No person shall sell, offer for sale or possess for sale in this State, whether killed or taken within or without the State, a dead body, or part thereof, of any species of squirrel, wild rabbit, wild hare, or wild deer, or of a game bird or song bird belonging to a species or subspecies native to this State and protected by the provisions of the State Fish and Game Code, or, in the absence of any provision in said code to the contrary protected by law or belonging to a family, any species or subspecies of which is native to the State and protected by the provisions of the State Fish and Game Code, or, in the absence of any provision in said code to the contrary, protected by law, under a penalty of $20.00 for each such squirrel, wild rabbit, wild hare, wild deer or bird so sold, offered for sale or possessed for sale; and under a penalty of not less than $100.00 and not more than $300.00 for each such wild deer so sold, offered for sale or possessed for sale; provided, however, that wild rabbits or wild hares legally killed in another State may be brought into this State at any time for possession, sale and consumption; and provided, further, however, that nothing herein contained shall prohibit the sale of commercially raised wild rabbits and wild hares. The carcasses of deer and the unplucked carcasses of mallard, black and wood ducks, Canada geese, ruffed grouse, squirrels, rabbits, hares, quails and pheasants of all species raised on licensed game preserves and properly tagged, and the unplucked carcasses of Scotch grouse, European black grouse, European black plover, redlegged partridge and Egyptian quail coming from a foreign country, which are properly tagged by the State authorities, may be sold at any time for food purposes. (Emphasis supplied).
The reference to "wild deer" belongs in and is part of the phrase "of any species of squirrel, wild rabbit, wild hare, or
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wild deer." The next modifying phrase which says "belonging to a species or subspecies native to this State . . ." refers only to game and songbirds. See generally, State in the Interest of S.Z., 177 N.J. Super. 32, 35, 424 A.2d 855 (App.Div.1981) ("It is a principle of statutory construction that where no contrary intention appears, 'referential and qualifying phrases refer solely to the last antecedent. . . .'"); Gudgeon v. County of Ocean, 135 N.J. Super. 13, 17 & n. 1, 342 A.2d 553 (App.Div.1975) ("Qualifying words refer solely to the immediately preceding word."); T.I. McCormack Trucking Co. v. United States, 251 F. Supp. 526, 533 (D.N.J.1966) ("If [a] modifier is intended to relate to more than the 'last antecedent,' a comma is used to set off the modifier from the entire series."). Hence, the sale by Santomauro of deer heads and antlers was a violation of the statute regardless of whether the deer is native to this State.
Our Conclusion that N.J.S.A. 23:4-27 applies to wild deer whether or not native to New Jersey is buttressed by the language of N.J.S.A. 23:4-30, which provides in relevant part: "Except as otherwise provided in this Title, when the possession or sale of fowl or game is prohibited by this Title, . . . reference is had equally to such fowl or game coming from without the State as to that taken within the State." The Legislature in this language has expressed its clear intention of prohibiting traffic in out-of-state wildlife in addition to that native to this State. See also N.J.S.A. 23:5-9; cf. N.J.S.A. 23:2A-2c.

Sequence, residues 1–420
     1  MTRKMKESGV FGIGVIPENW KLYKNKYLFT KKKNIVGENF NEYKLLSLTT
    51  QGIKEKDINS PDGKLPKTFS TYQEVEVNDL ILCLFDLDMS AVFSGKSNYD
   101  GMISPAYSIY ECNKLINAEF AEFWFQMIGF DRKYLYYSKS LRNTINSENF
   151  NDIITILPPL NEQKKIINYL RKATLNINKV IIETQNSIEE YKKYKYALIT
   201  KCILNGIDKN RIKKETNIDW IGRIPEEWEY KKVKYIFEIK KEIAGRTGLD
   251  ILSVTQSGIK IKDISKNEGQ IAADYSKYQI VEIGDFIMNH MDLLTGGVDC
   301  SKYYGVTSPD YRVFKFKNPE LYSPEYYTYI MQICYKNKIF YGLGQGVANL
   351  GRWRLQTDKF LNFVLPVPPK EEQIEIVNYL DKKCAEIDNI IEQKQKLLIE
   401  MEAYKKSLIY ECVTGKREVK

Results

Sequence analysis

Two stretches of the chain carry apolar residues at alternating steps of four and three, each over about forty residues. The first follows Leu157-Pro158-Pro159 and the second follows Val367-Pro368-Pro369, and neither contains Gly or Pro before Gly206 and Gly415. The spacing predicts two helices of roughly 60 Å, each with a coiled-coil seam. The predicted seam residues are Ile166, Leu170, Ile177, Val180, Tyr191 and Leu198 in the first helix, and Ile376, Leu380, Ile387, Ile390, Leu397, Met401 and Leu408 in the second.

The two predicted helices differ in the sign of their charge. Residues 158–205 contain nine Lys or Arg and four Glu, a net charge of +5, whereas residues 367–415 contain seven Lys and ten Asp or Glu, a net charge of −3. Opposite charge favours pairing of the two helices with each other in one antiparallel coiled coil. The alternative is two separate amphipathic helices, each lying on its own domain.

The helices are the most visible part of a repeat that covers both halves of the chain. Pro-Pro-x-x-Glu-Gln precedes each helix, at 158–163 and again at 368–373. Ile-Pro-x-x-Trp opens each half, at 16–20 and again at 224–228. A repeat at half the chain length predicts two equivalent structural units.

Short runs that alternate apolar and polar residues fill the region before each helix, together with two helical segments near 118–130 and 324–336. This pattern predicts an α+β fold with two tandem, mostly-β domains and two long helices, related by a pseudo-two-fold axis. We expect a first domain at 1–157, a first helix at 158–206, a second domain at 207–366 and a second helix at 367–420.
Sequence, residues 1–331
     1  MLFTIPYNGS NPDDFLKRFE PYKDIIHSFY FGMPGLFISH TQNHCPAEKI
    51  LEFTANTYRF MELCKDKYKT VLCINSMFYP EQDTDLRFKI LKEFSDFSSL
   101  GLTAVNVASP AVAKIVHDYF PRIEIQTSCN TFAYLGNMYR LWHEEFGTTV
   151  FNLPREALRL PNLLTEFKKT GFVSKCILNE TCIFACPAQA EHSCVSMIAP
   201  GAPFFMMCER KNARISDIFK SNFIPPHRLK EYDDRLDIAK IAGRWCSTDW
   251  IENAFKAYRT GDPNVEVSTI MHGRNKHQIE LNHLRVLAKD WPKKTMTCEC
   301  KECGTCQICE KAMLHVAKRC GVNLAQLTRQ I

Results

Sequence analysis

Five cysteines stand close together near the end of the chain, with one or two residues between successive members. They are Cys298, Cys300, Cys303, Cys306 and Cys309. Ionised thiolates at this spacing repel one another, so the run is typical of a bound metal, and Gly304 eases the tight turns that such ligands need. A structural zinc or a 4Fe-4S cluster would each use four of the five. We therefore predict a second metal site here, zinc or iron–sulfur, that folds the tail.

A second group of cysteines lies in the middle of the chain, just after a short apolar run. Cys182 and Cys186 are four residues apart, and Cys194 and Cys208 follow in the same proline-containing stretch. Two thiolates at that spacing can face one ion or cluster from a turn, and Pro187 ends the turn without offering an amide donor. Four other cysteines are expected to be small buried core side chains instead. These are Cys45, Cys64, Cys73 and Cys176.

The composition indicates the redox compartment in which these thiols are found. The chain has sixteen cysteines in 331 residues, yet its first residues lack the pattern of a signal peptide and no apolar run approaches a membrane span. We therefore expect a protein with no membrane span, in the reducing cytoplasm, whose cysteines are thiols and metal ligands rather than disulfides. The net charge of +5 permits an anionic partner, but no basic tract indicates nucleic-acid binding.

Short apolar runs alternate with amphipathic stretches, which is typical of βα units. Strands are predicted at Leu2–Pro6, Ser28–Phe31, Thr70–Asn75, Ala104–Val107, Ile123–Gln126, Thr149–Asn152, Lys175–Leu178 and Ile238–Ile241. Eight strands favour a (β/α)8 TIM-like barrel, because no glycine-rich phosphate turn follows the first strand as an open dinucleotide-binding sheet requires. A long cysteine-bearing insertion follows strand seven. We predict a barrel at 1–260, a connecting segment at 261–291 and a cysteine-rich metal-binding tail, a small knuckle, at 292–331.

As evidenced by the trial testimony with respect to the difficulty in distinguishing between the different species of deer that might be used in taxidermically prepared mounts (especially since the antlers may be from one species while the "cape" might be from another, as defendant suggests was the case in the court below), an interpretation that requires conservation officers to determine whether an item comes from a
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native deer would unduly hamper Fish and Game law enforcement.
We also reject Santomauro's argument that the skin of an animal is not a body part under the terms of the statute. A consideration of N.J.S.A. 23:4-27 as a whole renders such an interpretation unreasonable and unduly restrictive. The law states in mandatory terms that it is illegal to "sell, offer for sale, or possess for sale . . . a dead body, or part thereof, of any species of squirrel, wild rabbit, wild hare, or wild deer. . . ." (Emphasis supplied). The exception in the latter half of the statute for sale of body parts of certain enumerated animals for consumption, deals only with the sale of the meat of an animal. The preceding portion of the statute is broader and includes all body parts. See also N.J.S.A. 23:1-4.*fn3 Significantly, the definition section of the "Endangered and Nongame Species Conservation Act" defines "wild life" as "any wild mammal, bird, reptile, amphibian, fish, mollusk, crustacean or other wild animal or any part, product, egg or offspring or the dead body or parts thereof." N.J.S.A. 23:2A-3(f) (Supp.1992). (Emphasis supplied). We find it highly doubtful that the Legislature would have used the word "parts" in that statute if, as Santomauro argues with respect to N.J.S.A. 23:4-27, that word allows the skin of an animal to be sold for commercial purposes. See N.J.S.A. 23:2A-3(c)(2) (noting that over-utilization of a species for commercial purposes would diminish the prospects of survival for that species).
Santomauro's argument, to the extent that it claims selective enforcement, is illusory. In the first place, Santomauro wrote a letter to the Division of Fish and Game in advance of
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the 1991 Expo indicating that he again intended to sell deer parts. He broadly distributed another letter detailing and criticizing the Division's enforcement of the statute to others interested in the particular annual event. This was a challenge to enforcement of the law. Moreover, the conservation officers who testified said that they had in fact inspected the different exhibits at the 1991 Hunting and Fishing Expo and found no other violations. The Judge's findings in this case are supported by sufficient credible evidence in the record and we have no basis to disturb them. Rova Farms Resort v. Investors Ins. Co., 65 N.J. 474, 323 A.2d 495 (1974).
Finally, as to the claim that the statute is vague and thus unconstitutional, we note that the trial Judge, apparently relying on R. 4:28-4, erroneously refused to consider that issue on the ground that notice was not given to the Attorney General's office. However, the cited rule only requires such notice of a challenge to the validity of a statute "in any action to which the State or an agency or officer thereof is not a party." R. 4:28-4(a). Here, not only was the State a party to the action, but the Attorney General's office was trying the case on behalf of the State. In any event, we conclude that the statute is neither overbroad nor vague, and certainly not as applied to Santomauro. See State v. Cameron, 100 N.J. 586, 591-593, 498 A.2d 1217 (1985).